Vibrant and engaged campus spaces
Our campus is a jewel at the heart of Brandon.
We are a central focal point of learning, culture, sport and community for the southwestern Manitoba region. Our physical space is unique: We boast a dynamic architectural heritage set back among an oasis of quiet green space and pedestrian-friendly plazas. We are close to downtown, prominent on two of Brandon’s major thoroughfares, yet also nestled against a quiet residential area.
Our spaces boast greenery, public art, and a burgeoning Indigenous presence, but we must acknowledge also that there are unfortunate expanses of drab concrete and gravel. We are separated from the quiet, tree-lined streets that neighbour us by rushing traffic or a moat of barren parking lots. Our plazas feature picnic tables and benches, but also loading docks and utility boxes. Our entrances could be more prominent and more accessible. We lack a clear and inviting front door.
We can get more out of our spaces by adding bright and inclusive murals, focusing on accessibility, and creating a feeling of welcome along new avenues of entrance as envisioned in our Campus Master Plan. We must invite our students, faculty, staff, and our entire community to feel at home, at all hours of the night and day, through all the months, including the crisp days of winter.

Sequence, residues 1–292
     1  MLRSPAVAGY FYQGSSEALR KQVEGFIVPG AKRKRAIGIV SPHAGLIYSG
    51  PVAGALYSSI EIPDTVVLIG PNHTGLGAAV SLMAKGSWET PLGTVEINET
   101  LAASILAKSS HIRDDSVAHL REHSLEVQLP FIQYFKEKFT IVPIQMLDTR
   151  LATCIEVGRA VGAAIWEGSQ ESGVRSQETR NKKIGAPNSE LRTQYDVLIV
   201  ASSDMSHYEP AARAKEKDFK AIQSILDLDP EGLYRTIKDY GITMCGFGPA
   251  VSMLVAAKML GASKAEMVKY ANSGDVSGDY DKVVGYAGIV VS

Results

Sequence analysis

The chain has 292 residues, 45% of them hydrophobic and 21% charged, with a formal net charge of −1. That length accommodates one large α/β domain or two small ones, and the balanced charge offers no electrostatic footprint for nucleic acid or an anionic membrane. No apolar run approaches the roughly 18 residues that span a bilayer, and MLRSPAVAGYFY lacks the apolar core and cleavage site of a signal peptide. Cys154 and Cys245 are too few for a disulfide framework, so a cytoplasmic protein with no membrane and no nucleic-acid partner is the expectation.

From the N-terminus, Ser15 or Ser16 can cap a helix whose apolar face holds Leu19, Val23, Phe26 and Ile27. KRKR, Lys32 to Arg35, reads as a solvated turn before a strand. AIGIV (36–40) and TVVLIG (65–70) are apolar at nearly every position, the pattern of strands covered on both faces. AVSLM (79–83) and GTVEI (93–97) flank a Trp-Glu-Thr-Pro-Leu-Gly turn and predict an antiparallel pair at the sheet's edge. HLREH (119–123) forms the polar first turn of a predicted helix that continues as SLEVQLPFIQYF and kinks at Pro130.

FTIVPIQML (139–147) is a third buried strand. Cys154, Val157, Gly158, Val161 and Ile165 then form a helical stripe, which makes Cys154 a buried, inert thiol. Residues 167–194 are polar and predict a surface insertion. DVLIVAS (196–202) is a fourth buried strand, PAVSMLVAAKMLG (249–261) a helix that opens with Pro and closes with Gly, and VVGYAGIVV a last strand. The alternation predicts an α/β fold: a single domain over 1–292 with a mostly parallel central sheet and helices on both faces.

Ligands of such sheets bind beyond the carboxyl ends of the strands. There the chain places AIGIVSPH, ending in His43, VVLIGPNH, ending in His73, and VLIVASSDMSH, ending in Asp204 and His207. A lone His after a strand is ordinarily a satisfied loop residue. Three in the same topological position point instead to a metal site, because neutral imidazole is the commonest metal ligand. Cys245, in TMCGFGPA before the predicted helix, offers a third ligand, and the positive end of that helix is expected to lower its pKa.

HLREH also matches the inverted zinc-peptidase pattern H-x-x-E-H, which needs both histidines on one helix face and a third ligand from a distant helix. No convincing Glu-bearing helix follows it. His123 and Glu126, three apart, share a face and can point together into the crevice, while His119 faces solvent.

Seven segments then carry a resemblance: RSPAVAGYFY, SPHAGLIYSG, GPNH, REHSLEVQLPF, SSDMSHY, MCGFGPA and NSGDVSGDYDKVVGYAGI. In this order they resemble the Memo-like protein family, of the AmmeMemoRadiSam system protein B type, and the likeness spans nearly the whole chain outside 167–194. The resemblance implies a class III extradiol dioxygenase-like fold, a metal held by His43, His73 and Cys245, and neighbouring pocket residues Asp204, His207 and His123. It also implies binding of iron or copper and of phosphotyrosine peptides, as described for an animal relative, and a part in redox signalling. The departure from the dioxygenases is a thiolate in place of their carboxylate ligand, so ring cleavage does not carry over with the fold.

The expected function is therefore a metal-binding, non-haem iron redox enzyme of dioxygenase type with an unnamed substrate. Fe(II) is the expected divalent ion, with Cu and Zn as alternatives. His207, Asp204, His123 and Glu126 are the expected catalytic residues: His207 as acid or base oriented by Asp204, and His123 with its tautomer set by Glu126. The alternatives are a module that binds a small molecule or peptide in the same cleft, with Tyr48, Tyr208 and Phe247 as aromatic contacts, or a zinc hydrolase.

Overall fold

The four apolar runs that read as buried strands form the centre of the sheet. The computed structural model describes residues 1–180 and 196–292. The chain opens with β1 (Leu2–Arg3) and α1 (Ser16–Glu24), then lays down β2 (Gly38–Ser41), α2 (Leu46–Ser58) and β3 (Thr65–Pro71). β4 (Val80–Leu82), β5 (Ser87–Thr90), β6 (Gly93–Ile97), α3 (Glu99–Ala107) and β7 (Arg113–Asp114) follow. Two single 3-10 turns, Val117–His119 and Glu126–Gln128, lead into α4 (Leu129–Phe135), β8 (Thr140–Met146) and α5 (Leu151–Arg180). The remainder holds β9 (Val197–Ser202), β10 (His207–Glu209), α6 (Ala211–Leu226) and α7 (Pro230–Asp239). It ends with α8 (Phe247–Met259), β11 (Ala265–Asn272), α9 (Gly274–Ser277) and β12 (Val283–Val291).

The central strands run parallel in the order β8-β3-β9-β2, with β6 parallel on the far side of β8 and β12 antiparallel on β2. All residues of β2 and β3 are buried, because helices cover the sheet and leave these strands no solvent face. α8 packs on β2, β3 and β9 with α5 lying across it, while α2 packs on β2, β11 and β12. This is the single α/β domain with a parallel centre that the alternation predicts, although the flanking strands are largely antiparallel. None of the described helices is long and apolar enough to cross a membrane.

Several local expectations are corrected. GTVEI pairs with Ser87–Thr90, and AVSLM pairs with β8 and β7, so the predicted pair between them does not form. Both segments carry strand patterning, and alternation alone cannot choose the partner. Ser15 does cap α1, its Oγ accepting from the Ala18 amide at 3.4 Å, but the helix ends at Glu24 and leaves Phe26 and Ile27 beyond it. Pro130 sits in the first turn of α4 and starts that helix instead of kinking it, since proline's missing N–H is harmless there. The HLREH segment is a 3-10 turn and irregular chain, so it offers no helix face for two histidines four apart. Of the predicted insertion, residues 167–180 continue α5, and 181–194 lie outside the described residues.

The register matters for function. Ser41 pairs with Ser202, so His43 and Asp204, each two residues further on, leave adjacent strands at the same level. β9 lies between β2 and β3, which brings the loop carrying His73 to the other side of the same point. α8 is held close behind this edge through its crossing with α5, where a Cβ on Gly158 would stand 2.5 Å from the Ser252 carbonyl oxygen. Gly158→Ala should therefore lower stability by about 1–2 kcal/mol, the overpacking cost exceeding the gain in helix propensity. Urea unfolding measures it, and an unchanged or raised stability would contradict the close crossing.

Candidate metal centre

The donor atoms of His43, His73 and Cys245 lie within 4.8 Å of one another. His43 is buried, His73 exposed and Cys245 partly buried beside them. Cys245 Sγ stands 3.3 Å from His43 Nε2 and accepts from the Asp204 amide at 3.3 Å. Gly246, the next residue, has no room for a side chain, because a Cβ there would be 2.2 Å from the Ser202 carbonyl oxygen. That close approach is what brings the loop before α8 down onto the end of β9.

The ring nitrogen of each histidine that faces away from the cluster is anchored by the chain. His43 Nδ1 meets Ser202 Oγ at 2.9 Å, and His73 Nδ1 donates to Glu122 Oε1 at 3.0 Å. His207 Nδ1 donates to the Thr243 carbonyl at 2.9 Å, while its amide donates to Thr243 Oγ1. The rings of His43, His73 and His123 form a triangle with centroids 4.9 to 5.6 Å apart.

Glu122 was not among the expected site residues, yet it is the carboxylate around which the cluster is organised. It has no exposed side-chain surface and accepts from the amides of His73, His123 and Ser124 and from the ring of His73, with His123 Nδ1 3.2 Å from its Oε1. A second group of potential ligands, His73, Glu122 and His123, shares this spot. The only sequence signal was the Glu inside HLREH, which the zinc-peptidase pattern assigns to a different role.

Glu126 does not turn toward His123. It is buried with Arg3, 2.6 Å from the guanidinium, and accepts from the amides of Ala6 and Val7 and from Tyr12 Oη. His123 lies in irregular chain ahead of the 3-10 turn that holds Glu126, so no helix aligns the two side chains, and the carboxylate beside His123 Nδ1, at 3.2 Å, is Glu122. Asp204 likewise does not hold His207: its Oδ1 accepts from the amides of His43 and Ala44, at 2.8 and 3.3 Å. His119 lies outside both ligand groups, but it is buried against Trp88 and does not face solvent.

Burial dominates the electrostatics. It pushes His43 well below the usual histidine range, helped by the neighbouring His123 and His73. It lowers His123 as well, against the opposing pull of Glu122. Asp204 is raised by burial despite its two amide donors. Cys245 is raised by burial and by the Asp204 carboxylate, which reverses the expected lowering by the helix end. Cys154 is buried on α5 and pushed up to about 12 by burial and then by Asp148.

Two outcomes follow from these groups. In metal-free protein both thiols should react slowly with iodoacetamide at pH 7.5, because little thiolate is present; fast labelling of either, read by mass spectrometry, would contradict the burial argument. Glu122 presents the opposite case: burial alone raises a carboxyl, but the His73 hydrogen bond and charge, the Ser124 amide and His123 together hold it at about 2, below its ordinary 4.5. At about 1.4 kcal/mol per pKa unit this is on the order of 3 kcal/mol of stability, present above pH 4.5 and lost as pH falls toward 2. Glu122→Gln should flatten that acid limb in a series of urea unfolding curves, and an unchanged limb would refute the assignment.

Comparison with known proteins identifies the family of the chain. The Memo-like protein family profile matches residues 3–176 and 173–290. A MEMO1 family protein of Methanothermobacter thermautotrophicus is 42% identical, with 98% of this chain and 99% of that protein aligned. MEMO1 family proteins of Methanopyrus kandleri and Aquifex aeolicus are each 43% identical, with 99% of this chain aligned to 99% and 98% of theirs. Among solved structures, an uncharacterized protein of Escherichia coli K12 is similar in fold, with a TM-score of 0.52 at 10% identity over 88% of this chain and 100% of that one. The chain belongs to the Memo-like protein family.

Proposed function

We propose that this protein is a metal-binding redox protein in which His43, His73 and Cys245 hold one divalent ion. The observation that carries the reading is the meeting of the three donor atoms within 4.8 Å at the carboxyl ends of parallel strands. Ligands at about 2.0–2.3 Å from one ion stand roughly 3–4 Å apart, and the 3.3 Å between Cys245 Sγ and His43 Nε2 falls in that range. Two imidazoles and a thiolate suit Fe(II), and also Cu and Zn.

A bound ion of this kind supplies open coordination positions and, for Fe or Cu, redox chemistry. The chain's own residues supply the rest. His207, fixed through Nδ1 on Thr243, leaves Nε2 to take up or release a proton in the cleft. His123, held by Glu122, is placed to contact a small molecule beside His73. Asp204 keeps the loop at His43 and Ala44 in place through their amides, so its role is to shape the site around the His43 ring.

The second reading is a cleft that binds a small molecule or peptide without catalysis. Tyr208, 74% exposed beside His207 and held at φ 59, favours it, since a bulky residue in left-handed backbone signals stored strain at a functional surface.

A sense of place is central to the idea of a university campus. One lesson from the pandemic is the importance of social presence — there is value to being face to face. We can take advantage of technology to facilitate meetings and some classes from a distance but technology cannot replace the importance of small talk before a meeting, or the exchange of simple ideas over coffee that find their way into a lecture or research paper. Distance does not create best friends the way library study tables or residence lounges do. These are spaces for serendipity. Imagine every hallway a museum, every lounge an art gallery,
and every classroom a laboratory. Spaces that bring life to a campus are part of the success of a university. These are spaces that can transform a commuter campus into an evening and weekend destination, and they are spaces that make a regional university a hub of activity.
The planned renovations of the Brodie Science building will be an opportunity to do this on an even larger scale. The need for a renovated Science building is great, the opportunity it provides is even greater. Brodie renovations must meet the increasing demands of cutting-edge research and still provide space to welcome our students and our community. Showcase spaces will be used to recruit more conferences to our campus and become a desired spot for community meetings. This new space will compliment the existing Healthy Living Centre, Lorne Watson Hall and the Louis Riel Room as gathering spots for students, faculty and staff and the community.